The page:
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Summer time crazy

Summer's official start was just two days ago. With it, we kicked off summer camp at our lovely farm with helping a local camp get horseback riding experiences for their campers. While it is a fun experience, it is tiring and prevents us from having time to do school consistently. Days off need to remain days off so we can recover. Our entire schedule is changed and some is even unpredictable. We know which days we go to help with camp. We know the times. We know the instructor. We don't know which horses will be used, who other volunteers are, or which jobs we will be doing. We also have to work in other activities like birthday parties, time with friends, mom and dad time, grocery shopping, my school work, my new position as an editor of a local magazine, and so much more. Time at home is sporadic and harried.

The lack of consistent school schedule and expectations result in difficulty for Will. My inability to be wholly present all the time presents a challenge for Kae. Mack also struggles with not knowing what is going on when. Rory accepted an actual job as volunteer coordinator throughout camp which means his down time isn't really his, either. He also may have inherited a passion for rescuing living things. Recently, a pair of guinea pigs who are still adjusting and a friend whose family flaked out of a birthday party. My job, on top of all the others, is to help them adjust to this nebulousness within chaos.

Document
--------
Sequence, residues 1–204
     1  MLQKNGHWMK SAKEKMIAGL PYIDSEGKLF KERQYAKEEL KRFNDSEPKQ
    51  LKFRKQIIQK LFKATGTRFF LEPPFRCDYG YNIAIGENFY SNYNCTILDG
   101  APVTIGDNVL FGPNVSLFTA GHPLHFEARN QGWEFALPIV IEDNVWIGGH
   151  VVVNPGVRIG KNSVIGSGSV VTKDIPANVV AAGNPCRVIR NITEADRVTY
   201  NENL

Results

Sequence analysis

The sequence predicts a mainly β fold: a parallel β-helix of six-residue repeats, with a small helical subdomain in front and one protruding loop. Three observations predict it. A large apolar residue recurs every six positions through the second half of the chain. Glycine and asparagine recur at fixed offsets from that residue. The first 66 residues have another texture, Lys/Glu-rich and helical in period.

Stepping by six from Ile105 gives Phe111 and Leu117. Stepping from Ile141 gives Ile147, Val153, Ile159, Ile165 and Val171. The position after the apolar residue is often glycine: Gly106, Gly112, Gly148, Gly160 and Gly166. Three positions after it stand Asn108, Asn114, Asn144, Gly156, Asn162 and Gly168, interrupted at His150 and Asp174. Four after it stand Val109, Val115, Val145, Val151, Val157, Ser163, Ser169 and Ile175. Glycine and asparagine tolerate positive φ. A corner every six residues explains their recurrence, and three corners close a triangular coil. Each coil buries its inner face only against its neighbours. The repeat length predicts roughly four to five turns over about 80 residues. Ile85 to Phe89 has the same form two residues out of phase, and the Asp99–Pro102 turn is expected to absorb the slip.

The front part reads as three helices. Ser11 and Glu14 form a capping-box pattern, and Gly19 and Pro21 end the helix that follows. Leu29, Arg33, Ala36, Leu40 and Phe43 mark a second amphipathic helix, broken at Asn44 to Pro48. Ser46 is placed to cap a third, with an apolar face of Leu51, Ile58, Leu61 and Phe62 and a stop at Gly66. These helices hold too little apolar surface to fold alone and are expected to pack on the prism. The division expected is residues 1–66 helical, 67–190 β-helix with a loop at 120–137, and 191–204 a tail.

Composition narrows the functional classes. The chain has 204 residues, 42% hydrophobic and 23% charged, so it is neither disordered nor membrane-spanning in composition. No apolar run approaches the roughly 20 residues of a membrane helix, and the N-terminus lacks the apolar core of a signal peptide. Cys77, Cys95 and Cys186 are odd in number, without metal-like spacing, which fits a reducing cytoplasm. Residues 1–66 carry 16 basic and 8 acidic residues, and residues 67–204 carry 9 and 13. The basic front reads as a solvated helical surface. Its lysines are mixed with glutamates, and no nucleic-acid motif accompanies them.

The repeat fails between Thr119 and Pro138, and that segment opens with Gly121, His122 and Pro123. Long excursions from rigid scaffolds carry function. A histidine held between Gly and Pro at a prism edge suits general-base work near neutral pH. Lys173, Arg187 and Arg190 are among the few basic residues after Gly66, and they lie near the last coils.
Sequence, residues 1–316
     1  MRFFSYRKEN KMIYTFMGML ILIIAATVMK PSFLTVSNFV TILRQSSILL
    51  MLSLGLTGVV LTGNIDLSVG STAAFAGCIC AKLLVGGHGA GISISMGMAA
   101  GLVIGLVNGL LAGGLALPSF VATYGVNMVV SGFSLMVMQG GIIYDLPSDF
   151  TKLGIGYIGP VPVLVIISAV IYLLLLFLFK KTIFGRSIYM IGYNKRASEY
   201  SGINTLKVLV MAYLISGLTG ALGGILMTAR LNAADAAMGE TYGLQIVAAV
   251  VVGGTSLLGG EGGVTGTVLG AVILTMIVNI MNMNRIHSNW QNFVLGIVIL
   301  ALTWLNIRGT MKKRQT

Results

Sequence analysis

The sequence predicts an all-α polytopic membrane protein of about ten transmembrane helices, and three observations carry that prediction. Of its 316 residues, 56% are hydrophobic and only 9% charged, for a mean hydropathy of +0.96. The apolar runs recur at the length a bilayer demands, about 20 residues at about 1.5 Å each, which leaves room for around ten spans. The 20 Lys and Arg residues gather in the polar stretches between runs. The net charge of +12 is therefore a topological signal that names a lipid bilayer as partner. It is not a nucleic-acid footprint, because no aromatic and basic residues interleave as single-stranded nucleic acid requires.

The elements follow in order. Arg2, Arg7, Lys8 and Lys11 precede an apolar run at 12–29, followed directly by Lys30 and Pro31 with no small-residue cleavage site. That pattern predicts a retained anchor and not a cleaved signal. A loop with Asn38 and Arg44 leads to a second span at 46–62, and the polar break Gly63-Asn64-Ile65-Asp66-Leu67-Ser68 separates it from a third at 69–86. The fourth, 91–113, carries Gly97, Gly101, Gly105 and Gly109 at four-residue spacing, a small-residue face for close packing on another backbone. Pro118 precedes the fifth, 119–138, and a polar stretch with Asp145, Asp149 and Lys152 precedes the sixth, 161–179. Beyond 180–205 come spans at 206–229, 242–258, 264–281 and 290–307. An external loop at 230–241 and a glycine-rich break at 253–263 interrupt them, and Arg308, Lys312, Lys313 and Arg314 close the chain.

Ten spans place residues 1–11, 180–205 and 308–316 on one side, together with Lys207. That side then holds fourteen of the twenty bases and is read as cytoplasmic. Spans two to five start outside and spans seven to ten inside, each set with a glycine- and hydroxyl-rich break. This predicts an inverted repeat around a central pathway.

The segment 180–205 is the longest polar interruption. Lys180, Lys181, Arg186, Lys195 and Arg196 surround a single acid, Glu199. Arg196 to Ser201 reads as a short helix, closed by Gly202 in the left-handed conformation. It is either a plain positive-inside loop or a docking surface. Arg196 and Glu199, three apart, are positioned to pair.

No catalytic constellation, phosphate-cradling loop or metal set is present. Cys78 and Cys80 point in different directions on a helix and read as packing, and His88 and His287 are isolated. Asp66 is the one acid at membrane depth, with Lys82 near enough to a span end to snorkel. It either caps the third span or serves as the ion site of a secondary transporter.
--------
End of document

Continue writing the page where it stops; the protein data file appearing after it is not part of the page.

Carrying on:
In OUR house, rather than choose what the kids do when and how, we try to empower them to make their own choices about their time where possible. Since they are being asked to do much more activity throughout the summer months, we are encouraging this autonomy even more and trying to ensure they get to choose their downtime engagement. While Will wants to know what is happening every second of every day, allowing him flexibility to choose his own tasks during defined time periods helps him accept the lack of expectations. Mack needs slightly more oversight to help him remain in control of his body but autonomy to choose within a list is helpful. Kae requires much direction. Not only does she struggle with me being pulled in many directions, her ability to self-regulate and entertain is not quite as developed. Rory very much appreciates the down time, provided he can drive the car whenever we go places.

By listening to each kid and adapting to their needs, we can more effectively meet them where they are and help them grow. We ask each of them to push just slightly past their typical comfort zones to help them develop new skills. We stand back and observe and step in only when we see more significant struggle. Allowing them to experience frustration and try to address it on their own helps them learn while they have us as a safety net. It helps us see how well they can do without our help, too which encourages our ability to hand over more and more autonomy to them. They will eventually leave our house. We must ensure they know how. Each one of them needs a different kind of direction and support to accomplish this task, however.

How are your kids doing with summer? How can I support you through this weird time of year between milestones? What are some of your favorite summer experiences?

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